Also the Conner Case, which is the foundation for the holding in the Franklin and Lawrence Cases, has been held by the supreme court of New Hampshire in the later case of In re Opinion of the Justices, 84 N.H. 557, 149 A. 321, 328, to have no application under a proposed statute such as Chapter 181. After making reference to the Conner Case, the court in the later case said: "The proposed law presents a different situation. It provides for the taxation of certain income earned in the course of transacting business, and that permanent improvements and betterments made to increase the value of the estate of the taxpayer are not to be deducted from gross income. The inequality of not taxing corporations is more marked here than under the present law [being the law involved in the Conner Case]. Improvements and betterments upon the corporate estate, or a surplus held in the treasury, would not be passed on to stockholders, and they would thus escape taxation if the business were incorporated, whereas they would be taxable in the case of an individual owner. For this reason it seems to us that it is not permissible to exclude corporations from the category of those subject to a tax upon business income. Any inequality by reason of double taxation of income can be, and should be, avoided by exempting the dividends paid by such corporations, in so far as they are paid out of income which is taxed in this state. There will then be neither double taxation nor failure to tax. Such a provision would obviate the defect in the present income tax law, under which dividends, received by local corporations and by them in turn paid out as dividends to nonresident stockholders, go tax free."
The Act under consideration here expressly provides that no deductions shall be made in computing the net income of an individual for "any amount paid out for new buildings or for permanent improvements or betterments made to increase the value of any property or estate." (Sec. 9, subd. 2, supra.) This case falls squarely within the rule of the later New Hampshire case, and calls for a different conclusion than that announced in the Franklin, Lawrence or Conner Cases.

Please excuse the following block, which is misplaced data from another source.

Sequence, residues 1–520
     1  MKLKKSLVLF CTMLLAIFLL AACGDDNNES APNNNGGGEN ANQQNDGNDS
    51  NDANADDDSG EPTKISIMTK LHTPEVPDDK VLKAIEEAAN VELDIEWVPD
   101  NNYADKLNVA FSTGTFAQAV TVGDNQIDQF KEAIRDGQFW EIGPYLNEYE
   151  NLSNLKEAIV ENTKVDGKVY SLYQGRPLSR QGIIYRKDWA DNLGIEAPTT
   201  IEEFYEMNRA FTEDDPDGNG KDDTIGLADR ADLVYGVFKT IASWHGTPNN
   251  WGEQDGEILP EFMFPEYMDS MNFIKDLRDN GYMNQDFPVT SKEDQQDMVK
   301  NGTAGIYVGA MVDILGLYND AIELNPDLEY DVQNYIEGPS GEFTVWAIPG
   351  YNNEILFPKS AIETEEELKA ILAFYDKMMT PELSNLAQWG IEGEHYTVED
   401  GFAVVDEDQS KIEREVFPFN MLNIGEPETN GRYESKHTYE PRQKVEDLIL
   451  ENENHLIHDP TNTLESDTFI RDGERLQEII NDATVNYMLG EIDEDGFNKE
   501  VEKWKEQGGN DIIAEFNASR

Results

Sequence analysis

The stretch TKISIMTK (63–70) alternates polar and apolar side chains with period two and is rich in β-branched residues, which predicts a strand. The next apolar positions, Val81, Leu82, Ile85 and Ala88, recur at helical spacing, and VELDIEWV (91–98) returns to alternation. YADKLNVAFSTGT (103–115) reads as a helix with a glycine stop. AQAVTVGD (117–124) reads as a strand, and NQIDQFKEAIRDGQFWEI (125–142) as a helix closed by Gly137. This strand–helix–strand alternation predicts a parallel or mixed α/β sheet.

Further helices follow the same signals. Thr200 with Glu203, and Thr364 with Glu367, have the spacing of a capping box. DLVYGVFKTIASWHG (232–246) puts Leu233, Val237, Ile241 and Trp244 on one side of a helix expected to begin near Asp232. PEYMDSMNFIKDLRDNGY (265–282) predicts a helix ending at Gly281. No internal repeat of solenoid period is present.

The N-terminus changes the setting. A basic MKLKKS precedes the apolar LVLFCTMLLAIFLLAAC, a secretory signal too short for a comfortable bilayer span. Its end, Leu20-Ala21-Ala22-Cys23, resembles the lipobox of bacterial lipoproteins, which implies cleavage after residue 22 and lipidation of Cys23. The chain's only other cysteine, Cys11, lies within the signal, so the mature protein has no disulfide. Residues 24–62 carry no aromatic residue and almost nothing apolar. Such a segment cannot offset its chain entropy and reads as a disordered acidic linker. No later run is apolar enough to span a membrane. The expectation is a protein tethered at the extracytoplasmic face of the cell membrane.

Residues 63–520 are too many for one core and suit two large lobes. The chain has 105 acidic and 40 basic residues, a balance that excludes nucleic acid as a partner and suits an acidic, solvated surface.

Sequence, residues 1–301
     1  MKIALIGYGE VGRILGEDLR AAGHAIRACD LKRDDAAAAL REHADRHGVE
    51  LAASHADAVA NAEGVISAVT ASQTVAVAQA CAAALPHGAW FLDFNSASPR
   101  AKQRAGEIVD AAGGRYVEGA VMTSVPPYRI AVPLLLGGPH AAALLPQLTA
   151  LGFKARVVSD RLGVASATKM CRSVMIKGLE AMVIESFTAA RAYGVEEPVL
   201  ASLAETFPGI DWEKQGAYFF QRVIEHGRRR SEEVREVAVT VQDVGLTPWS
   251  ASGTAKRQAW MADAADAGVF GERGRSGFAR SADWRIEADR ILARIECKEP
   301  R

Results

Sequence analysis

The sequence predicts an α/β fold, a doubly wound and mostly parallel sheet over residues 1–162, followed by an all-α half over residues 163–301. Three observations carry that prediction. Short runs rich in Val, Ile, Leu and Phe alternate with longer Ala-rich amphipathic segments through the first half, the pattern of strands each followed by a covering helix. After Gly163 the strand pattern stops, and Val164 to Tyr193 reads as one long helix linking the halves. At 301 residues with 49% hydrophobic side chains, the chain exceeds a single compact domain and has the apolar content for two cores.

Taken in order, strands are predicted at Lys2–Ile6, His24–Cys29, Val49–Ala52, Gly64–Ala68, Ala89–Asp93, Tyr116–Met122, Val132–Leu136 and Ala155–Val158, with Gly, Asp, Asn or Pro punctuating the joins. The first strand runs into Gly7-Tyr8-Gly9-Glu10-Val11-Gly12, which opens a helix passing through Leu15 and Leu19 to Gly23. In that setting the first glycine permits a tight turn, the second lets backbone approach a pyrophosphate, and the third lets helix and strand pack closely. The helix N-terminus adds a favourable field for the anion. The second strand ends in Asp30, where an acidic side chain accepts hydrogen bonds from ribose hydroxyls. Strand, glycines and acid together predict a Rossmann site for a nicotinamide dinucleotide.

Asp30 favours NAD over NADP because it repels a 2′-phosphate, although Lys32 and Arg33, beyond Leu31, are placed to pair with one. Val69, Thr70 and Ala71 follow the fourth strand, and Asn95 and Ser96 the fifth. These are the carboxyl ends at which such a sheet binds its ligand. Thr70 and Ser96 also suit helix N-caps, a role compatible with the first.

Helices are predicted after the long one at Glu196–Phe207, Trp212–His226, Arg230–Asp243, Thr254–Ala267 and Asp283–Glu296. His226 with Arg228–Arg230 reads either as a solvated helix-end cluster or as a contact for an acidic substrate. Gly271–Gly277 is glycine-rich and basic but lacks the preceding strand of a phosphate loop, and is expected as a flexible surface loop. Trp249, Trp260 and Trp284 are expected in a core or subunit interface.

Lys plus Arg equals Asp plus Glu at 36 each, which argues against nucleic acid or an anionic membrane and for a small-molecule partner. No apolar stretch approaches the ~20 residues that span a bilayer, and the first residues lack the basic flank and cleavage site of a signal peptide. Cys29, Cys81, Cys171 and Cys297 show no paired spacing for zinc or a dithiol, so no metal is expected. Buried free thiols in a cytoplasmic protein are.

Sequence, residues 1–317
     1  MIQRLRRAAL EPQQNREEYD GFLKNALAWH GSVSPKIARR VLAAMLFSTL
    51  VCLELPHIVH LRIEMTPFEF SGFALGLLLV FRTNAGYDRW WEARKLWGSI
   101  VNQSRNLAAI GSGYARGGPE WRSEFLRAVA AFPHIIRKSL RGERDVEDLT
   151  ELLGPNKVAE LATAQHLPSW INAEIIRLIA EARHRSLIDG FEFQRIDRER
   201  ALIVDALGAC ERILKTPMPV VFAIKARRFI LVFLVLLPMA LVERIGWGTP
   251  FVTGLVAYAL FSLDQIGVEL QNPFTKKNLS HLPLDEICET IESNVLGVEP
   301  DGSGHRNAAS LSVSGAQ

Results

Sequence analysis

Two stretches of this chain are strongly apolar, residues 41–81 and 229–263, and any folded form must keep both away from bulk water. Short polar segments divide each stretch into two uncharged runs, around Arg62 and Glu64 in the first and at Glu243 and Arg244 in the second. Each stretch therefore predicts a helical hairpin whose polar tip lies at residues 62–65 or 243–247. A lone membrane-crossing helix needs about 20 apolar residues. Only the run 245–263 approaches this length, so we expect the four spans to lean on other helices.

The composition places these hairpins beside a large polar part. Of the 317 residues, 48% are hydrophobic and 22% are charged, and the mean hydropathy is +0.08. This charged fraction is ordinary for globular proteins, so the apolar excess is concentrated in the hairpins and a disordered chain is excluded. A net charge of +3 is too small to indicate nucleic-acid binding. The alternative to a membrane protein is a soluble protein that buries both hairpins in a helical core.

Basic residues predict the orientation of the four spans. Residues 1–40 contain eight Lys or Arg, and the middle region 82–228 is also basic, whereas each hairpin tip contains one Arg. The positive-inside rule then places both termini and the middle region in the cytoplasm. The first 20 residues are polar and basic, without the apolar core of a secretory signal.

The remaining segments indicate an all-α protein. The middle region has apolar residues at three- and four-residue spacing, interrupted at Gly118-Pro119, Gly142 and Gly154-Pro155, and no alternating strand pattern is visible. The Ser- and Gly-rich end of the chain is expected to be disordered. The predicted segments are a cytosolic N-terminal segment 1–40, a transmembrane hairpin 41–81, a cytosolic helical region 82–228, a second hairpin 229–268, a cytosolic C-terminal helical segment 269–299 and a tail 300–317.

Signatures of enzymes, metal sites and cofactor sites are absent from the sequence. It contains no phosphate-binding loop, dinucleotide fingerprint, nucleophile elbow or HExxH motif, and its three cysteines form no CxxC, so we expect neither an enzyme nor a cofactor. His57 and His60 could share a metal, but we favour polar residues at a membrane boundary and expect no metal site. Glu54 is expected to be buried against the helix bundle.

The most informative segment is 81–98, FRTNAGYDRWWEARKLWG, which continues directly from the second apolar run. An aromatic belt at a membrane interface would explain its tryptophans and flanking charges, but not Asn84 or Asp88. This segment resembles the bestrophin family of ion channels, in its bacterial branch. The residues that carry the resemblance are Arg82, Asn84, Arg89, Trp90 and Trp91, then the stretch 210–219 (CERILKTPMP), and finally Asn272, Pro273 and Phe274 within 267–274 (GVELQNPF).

Also Chapter 181 cannot be sustained on the theory that the corporate income is taxed when it passes to individual stockholders. It is a well-known fact that many, if not most, of the shares of stock of corporations doing business in this state are owned by nonresidents, within the definition of nonresidents contained in the Act. Also many are owned by other corporations. The Act provides that "the word 'resident' applies only to natural persons and includes for the purpose of determining liability to the tax imposed by this Act with reference to the income of any taxable year, any person domiciled in the state of Montana, and any other person who maintains a permanent place of abode within the state, and spends in the aggregate more than seven months of the taxable year within the state." All others are, of course, nonresidents within the meaning of the Act.
The Act, in imposing the tax on others than residents, provides: "In the case of taxpayers other than residents, gross income includes only the gross income from sources within this state, but shall not include annuities, interest on bank deposits, interest on bonds, notes or other interest-bearing obligations, or dividends on stock of corporations; except to the extent that such annuities, bank deposits, bonds, notes or other obligations or stocks shall be a part of income from any business, trade, profession or occupation carried on in this state." Thus it will be seen from the Act that a nonresident may have a bank deposit in Montana from which he draws interest, and this income in the way of interest is not taxed unless it can be shown that the deposit itself "shall be a part of income from any business, trade, profession or occupation carried on in this state." And so with dividends from stock of corporations. Unless the stocks shall themselves be a part of income from a Montana business, trade, profession or occupation, the dividends received thereon by one other than a resident as defined in the Act are nontaxable.